• In the Bahamas, the extent of the damage wreaked by Hurricane Dorian became clearer yesterday as officials launched a huge rescue operation; for CJR, Amanda Darrach followed Bahamian journalists’ efforts to cover the impact of the storm, often at great personal risk. Dorian, now a Category 3 hurricane, could make landfall in the Carolinas today. Yesterday, despite the present danger, President Trump seemed preoccupied with justifying his erroneous claim that Alabama was once at risk from the storm—he held up a National Hurricane Center projection from August 29 that appeared to have been extended into Alabama using a black Sharpie. Hogan Gidley, the deputy White House press secretary, later confirmed the Sharpie mark—as he slammed the media for focusing on it. It’s not clear if Trump or an aide was responsible for the alteration.
  • Yesterday, staffers at the Arizona Republic declared their intention to unionize; as part of their rationale, they cited the impending merger between Gannett, the paper’s owner, and GateHouse, which is likely to lead to job cuts. Per Steven Hsieh, of the Phoenix New Times, the Republic’s top editor—who has compared union supporters to “crackpots and criminals”—accused union organizers of “surveillance.” One of them, Rebekah Sanders, says an HR representative from Gannett subsequently confiscated her work phone.
  • Guy Snodgrass, who worked under James Mattis when he was defense secretary, is suing the Defense Department. Snodgrass says officials have imposed prior restraint on his speech by delaying publication of his book about Mattis’s Pentagon; Defense warned Snodgrass of a “range of potential consequences” should he disclose details that are classified or that violate the “trust” of Mattis, the Post reports. Per NBC, Snodgrass says the Pentagon stalled so Mattis’s own memoir could appear first. It came out this week.
  • James Poniewozik, TV critic for the Times, also has a book out, about “Trump, television, and the fracturing of America.” Vanity Fair has an extract: “As a candidate, Trump controlled TV. As president, he would be controlled by TV,” Poniewozik writes. “For Trump, the childhood illusion—that your favorite show is as aware of you as you are of it—became real. Fox & Friends was Donald Trump’s magic mirror.”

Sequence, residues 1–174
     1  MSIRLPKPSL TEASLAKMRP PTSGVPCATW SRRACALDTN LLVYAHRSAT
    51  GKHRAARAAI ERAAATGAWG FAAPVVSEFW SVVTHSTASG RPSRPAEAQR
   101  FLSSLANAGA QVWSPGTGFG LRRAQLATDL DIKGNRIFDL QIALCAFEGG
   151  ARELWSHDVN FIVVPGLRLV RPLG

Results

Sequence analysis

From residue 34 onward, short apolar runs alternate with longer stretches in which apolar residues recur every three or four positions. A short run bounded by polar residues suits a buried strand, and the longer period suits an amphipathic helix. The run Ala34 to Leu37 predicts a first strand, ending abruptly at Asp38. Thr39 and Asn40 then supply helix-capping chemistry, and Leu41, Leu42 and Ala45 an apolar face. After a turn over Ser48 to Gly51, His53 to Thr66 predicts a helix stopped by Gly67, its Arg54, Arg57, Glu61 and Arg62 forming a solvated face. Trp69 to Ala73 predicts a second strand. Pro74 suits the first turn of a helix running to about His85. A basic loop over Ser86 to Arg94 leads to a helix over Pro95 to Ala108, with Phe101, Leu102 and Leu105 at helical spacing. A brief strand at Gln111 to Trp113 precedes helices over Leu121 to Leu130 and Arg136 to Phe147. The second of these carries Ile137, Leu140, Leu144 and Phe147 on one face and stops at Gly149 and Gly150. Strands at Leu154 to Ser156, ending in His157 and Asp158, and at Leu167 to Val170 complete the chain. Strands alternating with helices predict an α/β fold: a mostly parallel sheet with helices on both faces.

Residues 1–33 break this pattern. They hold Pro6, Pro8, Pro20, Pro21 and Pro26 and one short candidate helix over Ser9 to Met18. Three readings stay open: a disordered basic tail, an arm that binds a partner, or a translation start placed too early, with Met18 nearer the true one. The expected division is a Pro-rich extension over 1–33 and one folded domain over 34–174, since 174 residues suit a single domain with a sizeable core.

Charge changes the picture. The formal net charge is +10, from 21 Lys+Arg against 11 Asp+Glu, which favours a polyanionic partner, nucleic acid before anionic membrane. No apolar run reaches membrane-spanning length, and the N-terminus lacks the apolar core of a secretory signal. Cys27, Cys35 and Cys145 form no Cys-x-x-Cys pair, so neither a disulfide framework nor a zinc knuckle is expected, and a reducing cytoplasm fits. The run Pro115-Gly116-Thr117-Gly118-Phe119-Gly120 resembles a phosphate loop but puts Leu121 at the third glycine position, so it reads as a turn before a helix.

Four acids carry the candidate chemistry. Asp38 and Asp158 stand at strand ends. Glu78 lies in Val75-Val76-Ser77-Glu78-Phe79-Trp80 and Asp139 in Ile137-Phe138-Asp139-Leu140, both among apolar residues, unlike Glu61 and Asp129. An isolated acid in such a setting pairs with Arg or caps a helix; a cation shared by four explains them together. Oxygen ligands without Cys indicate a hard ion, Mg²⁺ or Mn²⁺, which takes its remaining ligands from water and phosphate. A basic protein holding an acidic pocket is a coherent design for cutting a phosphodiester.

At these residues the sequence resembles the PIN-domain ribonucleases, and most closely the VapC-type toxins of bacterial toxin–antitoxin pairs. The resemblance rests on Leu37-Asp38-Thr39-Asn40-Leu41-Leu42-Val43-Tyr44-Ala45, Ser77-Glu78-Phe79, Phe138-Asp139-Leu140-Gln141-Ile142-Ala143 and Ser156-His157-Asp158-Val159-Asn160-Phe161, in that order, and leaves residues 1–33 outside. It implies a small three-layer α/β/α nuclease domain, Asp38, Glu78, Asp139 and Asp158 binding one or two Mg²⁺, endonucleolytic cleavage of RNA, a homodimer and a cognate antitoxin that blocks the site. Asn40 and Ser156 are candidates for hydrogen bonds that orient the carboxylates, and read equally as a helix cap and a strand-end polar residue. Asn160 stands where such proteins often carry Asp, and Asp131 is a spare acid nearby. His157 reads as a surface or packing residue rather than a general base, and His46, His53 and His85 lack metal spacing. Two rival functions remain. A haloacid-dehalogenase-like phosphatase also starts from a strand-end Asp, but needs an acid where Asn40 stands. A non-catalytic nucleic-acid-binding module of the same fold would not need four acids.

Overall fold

• CJR’s Sam Thielman checks in at a difficult moment for cartoonists, who have faced a thinning of their ranks and, increasingly, reprisals from newsroom managers. “Where there were more than 2,000 staff cartoonists at work a century ago, and 180 as recently as the 1980s, contemporary estimates are grim,” Thielman writes. “A 2011 survey by The Herb Block Foundation… estimated that fewer than 40 such jobs still exist.”
  • Eliana Johnson, a White House correspondent for Politico, is taking over as editor of The Washington Free Beacon, a neoconservative site. BuzzFeed’s Ben Smith asked her if she thinks the media is unfair to Trump. “I think the media is unfair to the president’s supporters and at times uncharitable to the president,” she said. His fans “understand that he lies… so there are reasons beyond that that they support the president.”
  • For CJR, Michael Balter explains why he publishes #MeToo stories from the world of academia on his personal blog, after encountering friction when he tried to place them in major outlets. “I don’t expect many other journalists to follow this unorthodox path—not least because nobody pays me,” he says. “But I have found that the reporting still reaches the communities that most need it, and the people that are best placed to take action.”
  • In Honduras, Edgar Joel Aguilar, a TV journalist with Cablemar TV and Channel 6, was killed by unidentified assailants on Saturday, the Committee to Protect Journalists writes; Aguilar received threats and requested protection the day before his murder, police said. (I wrote for CJR about journalism in Honduras during the political unrest there in 2017.)
  • And Trump’s Labor department reinstated Leif Olson, an official who resigned after Bloomberg Law inquired about his past “anti-Semitic” posts on social media. As I noted in yesterday’s newsletter, Bloomberg Law’s resultant story was off the mark: Olson’s posts were clearly satirical, not racist.

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Jon Allsop is a freelance journalist. He writes CJR's newsletter The Media Today. Find him on Twitter @Jon_Allsop.